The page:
The Eight Principles of Successful Entrepreneurs – continued

Back to the past

The third principle: Entrepreneurs create something new from the very childhood.

Entrepreneurs do not become overnight. And in general, is it possible to become an entrepreneur? Can anyone become one? Or does an entrepreneur need to be born?

There has long been a debate about the existence of an entrepreneurial gene passed down from generation to generation. Sometimes businessmen say that “it’s in their blood.” Others, on the contrary, argue that it’s all about the environment, and it is the environment in which a person is brought up that turns him into a true entrepreneur. Although science denies the existence of such a gene, it does recognize a genetic predisposition to certain behaviors that can be considered entrepreneurial. Vigor can be considered the best example of such a hereditary character trait.

By themselves, these hereditary traits do not guarantee that a person will become an entrepreneur. This is where the environment comes into play. If a child has a role model in his life – a person associated with a small business, if a child is supported in creative pursuits and taught not to be afraid of risk, it is very likely that he will become an entrepreneur. On the other hand, children who are brought up in a very secure and safe environment are most often taught to beware of risks. So they are more likely to choose the peace of mind that comes with a steady paycheck.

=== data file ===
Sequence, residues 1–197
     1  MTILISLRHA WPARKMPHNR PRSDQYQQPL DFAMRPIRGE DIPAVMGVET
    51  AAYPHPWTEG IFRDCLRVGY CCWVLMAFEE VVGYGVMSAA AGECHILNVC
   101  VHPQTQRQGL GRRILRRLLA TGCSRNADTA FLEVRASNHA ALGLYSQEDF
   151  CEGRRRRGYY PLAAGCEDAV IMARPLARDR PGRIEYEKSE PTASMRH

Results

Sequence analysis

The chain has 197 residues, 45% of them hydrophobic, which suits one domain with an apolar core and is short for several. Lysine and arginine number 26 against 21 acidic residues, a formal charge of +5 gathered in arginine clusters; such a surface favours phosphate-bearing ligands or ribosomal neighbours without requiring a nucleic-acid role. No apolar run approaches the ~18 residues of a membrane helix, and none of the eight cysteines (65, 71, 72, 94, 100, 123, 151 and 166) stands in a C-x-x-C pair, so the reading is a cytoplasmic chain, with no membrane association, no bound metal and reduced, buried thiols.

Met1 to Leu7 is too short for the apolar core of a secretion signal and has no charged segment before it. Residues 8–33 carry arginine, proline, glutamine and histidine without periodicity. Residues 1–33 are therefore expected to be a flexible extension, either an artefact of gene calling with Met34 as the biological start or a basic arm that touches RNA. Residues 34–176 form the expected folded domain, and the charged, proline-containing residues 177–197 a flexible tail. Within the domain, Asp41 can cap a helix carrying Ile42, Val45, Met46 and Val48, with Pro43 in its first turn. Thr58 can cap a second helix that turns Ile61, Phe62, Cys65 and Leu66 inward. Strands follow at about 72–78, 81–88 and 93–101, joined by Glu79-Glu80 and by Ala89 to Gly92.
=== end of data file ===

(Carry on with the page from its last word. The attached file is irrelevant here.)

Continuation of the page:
Be that as it may, the character of a businessman is definitely shaped by experience. Becoming an entrepreneur almost always begins with an introduction to sales. All current businessmen in their youth were at least a little engaged in trade. They loved it then, and they love it now. Entrepreneurs always have a passion for raising prices, and often in this desire they go beyond the reasonable.

Actions according to circumstances

Fourth principle: Talent for improvisation.

Entrepreneurs are resourceful. They are able to instantly adapt to any situation. This is where their advantage over their competitors lies. Entrepreneurs are easy-going, tolerant of uncertainty, and always ready to take on a challenge. In addition, they do not have superiors, so they are able to make business decisions in a split second. Since there are no options like “no” or “can’t” for entrepreneurs, nothing is impossible for them. And this is what helps them acquire new customers.

Entrepreneurs show purposefulness and, at the same time, open-mindedness. They do not take their eyes off their tasks and goals, but at the same time they are ready to instantly go the other way, if the circumstances so require.

However, there is a paradox in their inherent resourcefulness. In the initial stages of business development, it is precisely this flexibility in doing business that helps enterprises stay ahead of their competitors. But as the business expands, the enterprise becomes more and more structured, more and more formalities appear in its work. Then the company begins to respond more slowly to changes and customer needs. At this point, entrepreneurs need to find a way to maintain their former flexibility or sell the established enterprise for the best possible profit and move on to a completely different, new business.


Fifth principle: Violent perseverance, vigor and perseverance.

Entrepreneurs tend to be very energetic. They are active, tireless, patient, persistent and persistent in achieving their goals. They never give up – they just keep moving forward at full speed.